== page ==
[A real post from Dave? Imagine that.]
I think it behooves us to give thought to the plight of the single adult male. Sure, there is the obvious benefit of not being responsible for childbirth (and all of the biological processes that it entails and requires), but there are many difficulties and trials inherent in being male.
One particularly grievious task is the responsibility of asking.
We are traditionally expected to take initiative, to create momentum, to get the ball rolling. We are tasked by God and society to take the lead in a romantic relationship. We are relied upon to produce the ring, and to ask the all-important question: Do you think you can put up with me consistently for the next 30-40 years?
My friends, do not pass lightly over such a calling. It can be a highly dangerous and psychically damaging thing, if all does not go well. Just ask this guy. Granted, one should not approach a proposal of marriage without some solid assurances of the answer.
But isn't that the essence of being a man? To charge headlong into the fray, choosing the door that opens on our fate, not knowing whether we get the lady or the tiger (or, in that guy's case, the tiger-lady)?
Even asking a woman to dinner is an activity fraught with peril. I remember one particular time, a while back. There was a girl with whom I had a good working relationship, and we seemed to get on well. She had many admirable qualities, and I was interesting in getting to know her better, so I decided to ask her to dinner.
Now, this is not a simple thing, if you tend to analyze and overthink things as I do. If you think too much about the asking, you get nervous. You start wondering what could go wrong. You ponder the potential awkwardness of all future interactions if she says no. Will she feel pity? Contempt? And then, on the other hand, what if she says yes? How high will her expectations be? What if you find that, during dinner, she's an interminable bore? What if she thinks so of you? How can you function on anything other than a politely distant level from that point on? The possibilities are disastrous.
(It's worse yet to ask out strangers. At least with friends and acquaintances you have an opportunity to reveal to them your sparkling personality, your rapier wit, your kind and gentle manner. With strangers, it's all about first impressions, which means you have to look fabulous enough to even be given a fighting chance. And a male model with a chiseled chin, I am not.)
So, like all young men, I had to cast "thinking" to the wind, and spur on impetuously toward the precipice. One afternoon after running into this girl, I half-blurted out, "So, would you like to get together for dinner on Friday?" She said, "Yes, that'd be good."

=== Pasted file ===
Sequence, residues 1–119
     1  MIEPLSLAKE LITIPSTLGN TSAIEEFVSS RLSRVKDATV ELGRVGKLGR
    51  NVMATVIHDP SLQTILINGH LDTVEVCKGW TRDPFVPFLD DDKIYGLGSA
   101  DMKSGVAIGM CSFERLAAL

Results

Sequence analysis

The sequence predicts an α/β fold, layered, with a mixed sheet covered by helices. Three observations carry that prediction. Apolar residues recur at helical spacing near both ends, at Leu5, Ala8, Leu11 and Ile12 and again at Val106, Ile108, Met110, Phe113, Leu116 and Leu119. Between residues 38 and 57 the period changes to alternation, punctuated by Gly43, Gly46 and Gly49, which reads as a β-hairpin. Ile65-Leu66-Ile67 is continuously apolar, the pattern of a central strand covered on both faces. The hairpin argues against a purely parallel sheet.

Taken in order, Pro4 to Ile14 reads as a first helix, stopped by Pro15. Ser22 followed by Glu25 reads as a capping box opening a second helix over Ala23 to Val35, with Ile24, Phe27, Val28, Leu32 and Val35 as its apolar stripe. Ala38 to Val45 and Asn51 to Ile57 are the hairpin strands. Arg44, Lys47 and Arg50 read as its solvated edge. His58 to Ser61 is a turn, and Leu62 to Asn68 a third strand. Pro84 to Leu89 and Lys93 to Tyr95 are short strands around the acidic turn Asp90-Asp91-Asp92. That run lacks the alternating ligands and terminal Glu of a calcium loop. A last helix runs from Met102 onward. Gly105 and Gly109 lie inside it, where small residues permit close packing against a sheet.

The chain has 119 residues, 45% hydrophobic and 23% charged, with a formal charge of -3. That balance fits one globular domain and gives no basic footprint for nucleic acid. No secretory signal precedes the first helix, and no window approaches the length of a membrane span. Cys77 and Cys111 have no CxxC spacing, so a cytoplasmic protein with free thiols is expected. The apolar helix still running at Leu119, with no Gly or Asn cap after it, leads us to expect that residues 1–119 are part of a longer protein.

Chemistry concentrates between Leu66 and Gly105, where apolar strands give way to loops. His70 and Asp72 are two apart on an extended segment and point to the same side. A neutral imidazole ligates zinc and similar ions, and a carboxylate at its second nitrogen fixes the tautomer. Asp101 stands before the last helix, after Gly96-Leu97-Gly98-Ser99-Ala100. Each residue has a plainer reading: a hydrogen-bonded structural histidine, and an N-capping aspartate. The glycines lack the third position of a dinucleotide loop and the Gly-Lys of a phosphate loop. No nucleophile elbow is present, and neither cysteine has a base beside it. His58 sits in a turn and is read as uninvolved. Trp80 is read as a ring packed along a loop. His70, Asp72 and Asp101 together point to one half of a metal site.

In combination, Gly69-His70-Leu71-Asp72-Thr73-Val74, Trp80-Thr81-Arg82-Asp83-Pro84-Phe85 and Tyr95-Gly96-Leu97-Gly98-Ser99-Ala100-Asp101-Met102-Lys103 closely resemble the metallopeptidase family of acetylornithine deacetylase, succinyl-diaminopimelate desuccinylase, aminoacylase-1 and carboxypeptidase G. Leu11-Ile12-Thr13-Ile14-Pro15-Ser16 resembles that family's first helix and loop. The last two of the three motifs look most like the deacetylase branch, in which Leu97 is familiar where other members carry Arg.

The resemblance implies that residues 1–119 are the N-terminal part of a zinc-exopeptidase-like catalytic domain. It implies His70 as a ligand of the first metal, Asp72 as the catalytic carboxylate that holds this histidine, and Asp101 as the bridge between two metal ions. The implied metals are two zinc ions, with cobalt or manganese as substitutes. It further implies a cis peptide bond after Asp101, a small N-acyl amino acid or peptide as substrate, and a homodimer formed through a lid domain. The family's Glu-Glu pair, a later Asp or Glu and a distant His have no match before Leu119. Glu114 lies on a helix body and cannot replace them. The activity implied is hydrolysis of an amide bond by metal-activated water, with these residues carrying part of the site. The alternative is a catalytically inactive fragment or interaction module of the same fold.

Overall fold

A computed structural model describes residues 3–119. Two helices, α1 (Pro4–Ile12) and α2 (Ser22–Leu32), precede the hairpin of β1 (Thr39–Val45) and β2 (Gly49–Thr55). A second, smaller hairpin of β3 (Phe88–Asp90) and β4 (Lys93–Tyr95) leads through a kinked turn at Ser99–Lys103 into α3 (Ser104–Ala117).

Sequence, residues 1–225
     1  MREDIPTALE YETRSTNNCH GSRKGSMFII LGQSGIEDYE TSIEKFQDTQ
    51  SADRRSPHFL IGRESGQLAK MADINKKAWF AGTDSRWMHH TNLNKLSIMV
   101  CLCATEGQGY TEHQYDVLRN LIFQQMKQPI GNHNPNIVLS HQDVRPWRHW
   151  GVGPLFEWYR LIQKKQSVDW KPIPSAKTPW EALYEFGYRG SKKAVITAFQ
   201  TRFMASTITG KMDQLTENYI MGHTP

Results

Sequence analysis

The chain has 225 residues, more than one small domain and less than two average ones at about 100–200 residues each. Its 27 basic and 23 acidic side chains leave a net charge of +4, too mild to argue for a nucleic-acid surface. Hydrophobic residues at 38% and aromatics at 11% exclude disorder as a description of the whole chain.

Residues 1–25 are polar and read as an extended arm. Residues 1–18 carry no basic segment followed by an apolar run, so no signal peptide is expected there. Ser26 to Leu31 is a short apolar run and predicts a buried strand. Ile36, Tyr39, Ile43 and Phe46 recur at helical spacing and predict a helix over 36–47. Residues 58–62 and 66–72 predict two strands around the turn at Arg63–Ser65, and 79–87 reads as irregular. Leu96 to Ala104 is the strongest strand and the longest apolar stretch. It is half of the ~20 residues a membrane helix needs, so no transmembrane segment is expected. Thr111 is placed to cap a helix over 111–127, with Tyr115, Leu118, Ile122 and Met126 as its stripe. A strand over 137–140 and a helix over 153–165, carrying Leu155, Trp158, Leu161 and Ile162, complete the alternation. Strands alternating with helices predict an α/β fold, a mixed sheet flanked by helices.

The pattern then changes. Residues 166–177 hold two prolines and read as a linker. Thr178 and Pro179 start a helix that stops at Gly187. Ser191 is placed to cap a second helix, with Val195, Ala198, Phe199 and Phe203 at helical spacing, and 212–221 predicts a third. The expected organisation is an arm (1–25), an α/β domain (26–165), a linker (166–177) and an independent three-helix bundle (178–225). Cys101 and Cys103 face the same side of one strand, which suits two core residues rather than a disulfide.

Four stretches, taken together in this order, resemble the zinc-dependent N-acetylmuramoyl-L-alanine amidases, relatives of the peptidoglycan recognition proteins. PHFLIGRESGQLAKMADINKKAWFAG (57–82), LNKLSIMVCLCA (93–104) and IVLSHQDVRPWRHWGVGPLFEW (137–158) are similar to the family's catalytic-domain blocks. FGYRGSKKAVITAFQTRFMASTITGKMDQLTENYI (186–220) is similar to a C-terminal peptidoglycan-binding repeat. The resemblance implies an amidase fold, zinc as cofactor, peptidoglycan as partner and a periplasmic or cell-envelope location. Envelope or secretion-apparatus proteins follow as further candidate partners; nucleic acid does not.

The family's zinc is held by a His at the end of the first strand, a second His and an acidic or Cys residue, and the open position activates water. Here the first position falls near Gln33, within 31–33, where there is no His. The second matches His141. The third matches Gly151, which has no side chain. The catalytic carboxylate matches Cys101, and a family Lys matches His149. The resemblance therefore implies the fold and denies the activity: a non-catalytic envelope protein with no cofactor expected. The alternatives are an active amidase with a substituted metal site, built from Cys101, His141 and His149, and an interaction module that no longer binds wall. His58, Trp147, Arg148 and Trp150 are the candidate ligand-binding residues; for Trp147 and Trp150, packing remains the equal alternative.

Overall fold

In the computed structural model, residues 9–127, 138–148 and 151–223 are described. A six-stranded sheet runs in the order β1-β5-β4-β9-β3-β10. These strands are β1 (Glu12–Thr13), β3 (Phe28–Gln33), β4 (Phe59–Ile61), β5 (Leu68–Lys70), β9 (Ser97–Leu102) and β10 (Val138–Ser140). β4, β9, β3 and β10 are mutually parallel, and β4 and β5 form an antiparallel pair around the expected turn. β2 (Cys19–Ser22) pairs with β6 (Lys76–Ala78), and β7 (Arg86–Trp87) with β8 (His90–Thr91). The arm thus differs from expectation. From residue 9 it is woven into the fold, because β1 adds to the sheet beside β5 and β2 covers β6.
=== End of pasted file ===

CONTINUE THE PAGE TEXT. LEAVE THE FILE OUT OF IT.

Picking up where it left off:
Joy! Relief! I allow myself the luxury of a smile and an exhaled breath.
There was a pause, and she added, "Yeah, I've been wanting to talk about that project you're working on."
That, as they say, was that. Game over. I didn't realize it at the time, but later it became clear. The young lady did not see the question, "Would you like to get together for dinner?" as anything romantic or intentional. She merely saw it as an opportunity for two co-workers to chat about work over tacos, and clearly that's all it would ever become. In the end, excuses were made, and dinner wasn't shared.
In the time that's elapsed since then, I have even second-guessed whether she misunderstood me at all. In some way, it could have been a non-confrontational brush-off. Which sticks in my proverbial craw, really. Because honest and forthright offers should be met in turn. Anyway.
This is the risk we men run: we have to put ourselves on the line, at the mercy of women who have (historically) proven quite cruel at times. We men, admittedly less skilled in the verbal and relational arts, must extend a clear and yet unintimidating proposal of dinner, or companionship, or marriage, all the while taking off the armor, putting down the shield, and exposing our bare chests to the mortal blow.
Sure, I may be overstating the case. Perhaps I'm making a fuss about nothing. And I'm not meaning to diminish the pressures and difficulties single women face in finding a mate. Much. But, it takes some degree of courage to face that lovely face and wait for it to speak words of joy or disappointment. To put your pride aside and give this other person, who contains confounding mysteries imperceptible and unfathomable to mere men, the ability to accept or reject not only your offer, but your very self?
Men throughout the ages have gladly fought bloody armies, climbed perilous mountains, run into burning buildings, all without hesitation--but asking for the favor of a woman? Scary, man.